"Mister, you've got crazy hair," Bonnie, a girl in a tank top, tells the narrator, whose dark hair twists and tangles across the spreads. (Are they strangers? Relatives? McKean's masklike faces make it hard to tell.) "In my hair/ Gorillas leap,/ Tigers stalk,/ And ground sloths sleep," the man tells her. Cockatoos, explorers, hot-air balloons, pirate ships and more-"These await/ The ones who dare/ Navigate my crazy hair." McKean blends line drawing, paint and closeup images of hair to convey the dizzying variety of life within the man's locks. Even the text participates in the mayhem: lines of type swirl, switch fonts, and swell and shrink for emphasis. When bossy Bonnie offers to tame the man's unruly mop with her comb, he warns, "Miss, just be aware/ This is really crazy hair," but it's too late; she meets a Roald Dahlesque end, hauled deep into a new world, "safe inside my crazy hair." While some may find the tale's intensity off-putting, fans of Gaiman and McKean's (The Wolves in the Walls) twisted humor will welcome this lighter-than-usual addition. Ages 4-8. (June)Copyright © Reed Business Information, a division of Reed Elsevier Inc. All rights reserved.
Crazy Hairby Neil Gaiman, Dave Mckean
"In my hair
And ground sloths sleep.
Prides of lions
Make their lair
Somewhere in my crazy hair."
This award-winning duo delivers a new romp "through a labyrinth of hair." Bonnie, the intrepid young heroine, encounters an odd fellow with a masklike face and comments on his long, wavy locks. Affronted, he defends his do: "In my hair/Gorillas leap,/Tigers stalk,/And ground sloths sleep.... Hunters send in/Expeditions,/Radio back/Their positions/Still, we've lost/a dozen there/Lost inside my crazy hair ." McKean's computer-enhanced, mixed-media illustrations offer a wondrous interpretation of the outrageous objects enumerated by Gaiman: cockatoos are composed in feathery, neon strokes; transparent hot-air balloons expose intricate collage interiors; leaping dancers radiate color. Many of the scenes have a blurry, dreamlike quality, suggesting movement or a hint of foreboding. The hair varies in density from slender strands to massive jungles to tubular trunks, as under a microscope. The text for this surreal poem (at times a bit awkward) curves, spills, vibrates, and dangles, graphically signaling the mood and the message. Viewers will want to follow closely the design on Bonnie's T-shirt; its transformations offer emotional cues and are partially responsible for the scary/safe feeling readers have after she combs the hair and is pulled inside. This imaginative concoction fits perfectly with Deborah Nourse Lattimore's The Lady with the Ship on Her Head (Harcourt, 1990) to celebrate the potential of hair with a life of its own.-Wendy Lukehart, Washington DC Public Library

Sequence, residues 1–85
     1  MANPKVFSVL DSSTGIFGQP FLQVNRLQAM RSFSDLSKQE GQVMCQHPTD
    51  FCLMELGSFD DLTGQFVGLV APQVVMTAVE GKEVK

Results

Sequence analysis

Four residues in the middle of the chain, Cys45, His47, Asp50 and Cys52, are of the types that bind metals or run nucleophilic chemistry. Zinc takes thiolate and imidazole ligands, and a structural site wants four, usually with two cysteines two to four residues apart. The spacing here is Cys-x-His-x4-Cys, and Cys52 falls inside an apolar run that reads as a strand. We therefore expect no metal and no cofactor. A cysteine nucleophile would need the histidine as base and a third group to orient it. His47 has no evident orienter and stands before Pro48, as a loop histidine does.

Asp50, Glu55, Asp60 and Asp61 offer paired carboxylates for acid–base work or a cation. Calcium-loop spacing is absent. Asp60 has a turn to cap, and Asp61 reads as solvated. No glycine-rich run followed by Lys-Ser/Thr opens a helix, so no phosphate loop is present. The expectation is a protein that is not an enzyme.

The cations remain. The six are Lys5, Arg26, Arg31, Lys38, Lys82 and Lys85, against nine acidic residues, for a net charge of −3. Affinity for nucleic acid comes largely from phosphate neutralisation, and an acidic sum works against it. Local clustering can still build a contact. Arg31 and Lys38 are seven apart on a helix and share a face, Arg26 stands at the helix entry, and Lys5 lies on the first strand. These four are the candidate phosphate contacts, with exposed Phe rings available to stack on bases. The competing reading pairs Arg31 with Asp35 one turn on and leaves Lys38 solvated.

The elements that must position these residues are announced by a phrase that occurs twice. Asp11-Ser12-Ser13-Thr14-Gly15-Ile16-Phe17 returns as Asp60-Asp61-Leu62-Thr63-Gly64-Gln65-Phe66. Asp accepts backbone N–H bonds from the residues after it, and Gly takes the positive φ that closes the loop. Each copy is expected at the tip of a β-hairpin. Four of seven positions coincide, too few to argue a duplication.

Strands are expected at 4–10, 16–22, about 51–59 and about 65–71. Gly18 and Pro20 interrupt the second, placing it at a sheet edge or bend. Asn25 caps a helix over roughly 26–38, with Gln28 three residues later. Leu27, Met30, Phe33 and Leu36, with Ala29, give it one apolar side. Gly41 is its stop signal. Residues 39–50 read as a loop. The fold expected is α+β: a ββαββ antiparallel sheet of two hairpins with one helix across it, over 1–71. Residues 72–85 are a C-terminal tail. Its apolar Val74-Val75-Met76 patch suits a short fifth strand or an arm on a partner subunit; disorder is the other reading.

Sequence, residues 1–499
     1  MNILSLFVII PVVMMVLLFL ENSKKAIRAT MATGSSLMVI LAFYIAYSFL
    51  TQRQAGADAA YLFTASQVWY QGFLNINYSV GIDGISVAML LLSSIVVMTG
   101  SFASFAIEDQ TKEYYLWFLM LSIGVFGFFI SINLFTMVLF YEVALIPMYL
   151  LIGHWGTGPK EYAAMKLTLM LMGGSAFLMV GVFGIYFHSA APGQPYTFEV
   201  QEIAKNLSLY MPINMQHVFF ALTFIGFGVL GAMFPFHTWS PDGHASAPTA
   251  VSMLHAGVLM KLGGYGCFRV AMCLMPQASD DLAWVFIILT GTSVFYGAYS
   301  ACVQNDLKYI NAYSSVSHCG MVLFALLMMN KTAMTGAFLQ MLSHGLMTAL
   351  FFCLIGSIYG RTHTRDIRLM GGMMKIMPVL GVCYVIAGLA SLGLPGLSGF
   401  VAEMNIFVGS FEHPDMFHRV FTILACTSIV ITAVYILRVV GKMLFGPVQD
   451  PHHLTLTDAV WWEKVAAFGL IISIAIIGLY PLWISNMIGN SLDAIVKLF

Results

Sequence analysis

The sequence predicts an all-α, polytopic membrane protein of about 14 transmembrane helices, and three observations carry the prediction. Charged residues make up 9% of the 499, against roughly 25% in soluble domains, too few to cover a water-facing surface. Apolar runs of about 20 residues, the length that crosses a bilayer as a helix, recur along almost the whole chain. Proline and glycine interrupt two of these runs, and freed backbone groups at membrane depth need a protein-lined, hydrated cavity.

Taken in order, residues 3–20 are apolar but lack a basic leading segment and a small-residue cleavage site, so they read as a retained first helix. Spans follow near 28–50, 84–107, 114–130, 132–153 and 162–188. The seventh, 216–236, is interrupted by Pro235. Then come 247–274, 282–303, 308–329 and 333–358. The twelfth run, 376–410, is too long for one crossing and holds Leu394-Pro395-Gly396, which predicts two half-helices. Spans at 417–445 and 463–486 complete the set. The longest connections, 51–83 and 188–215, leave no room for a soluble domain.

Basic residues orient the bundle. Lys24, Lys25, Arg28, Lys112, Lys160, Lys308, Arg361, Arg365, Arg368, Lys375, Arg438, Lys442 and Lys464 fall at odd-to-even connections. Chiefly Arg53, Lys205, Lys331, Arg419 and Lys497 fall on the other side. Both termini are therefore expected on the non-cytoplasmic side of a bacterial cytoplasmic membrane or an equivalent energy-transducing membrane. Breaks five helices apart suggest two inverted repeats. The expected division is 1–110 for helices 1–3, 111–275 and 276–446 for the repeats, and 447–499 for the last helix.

- HarperCollins Publishers
- Publication date:
- Sales rank:
- Product dimensions:
- 10.30(w) x 10.20(h) x 0.40(d)
- Age Range:
- 4 - 8 Years
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Crazy Hair is a children's picture book that sparked my interest after researching various goodreads choice awards nominations over the years. It is a light fantasy story about a man's hair and what goes on inside it. A girl thinks combing the man's hair will help but as she combs it, something from the man's hair grabs her and she is now added to all the adventures happening in the man's crazy hair. Neil Gaiman's writing style and Dave McKean's illustrations blow other picture books out of the water. I adore Neil Gaiman so maybe I'm just biased...
I bought this book for the kids at the childcare centre I work at and they adore it!! They always ask to read it. They are captivated by the surreal illustrations and love the rhymes. I found it was the biggest hit with the 3-5 year olds, though the 2-3 year olds love it too. If you have young children, you simply must get this book!! Emma x
I work for Barnes and Noble and I'm children's lead. I read this book for storytime and the kids loved it.It's very colorful and very different from other books. I highly recommend it.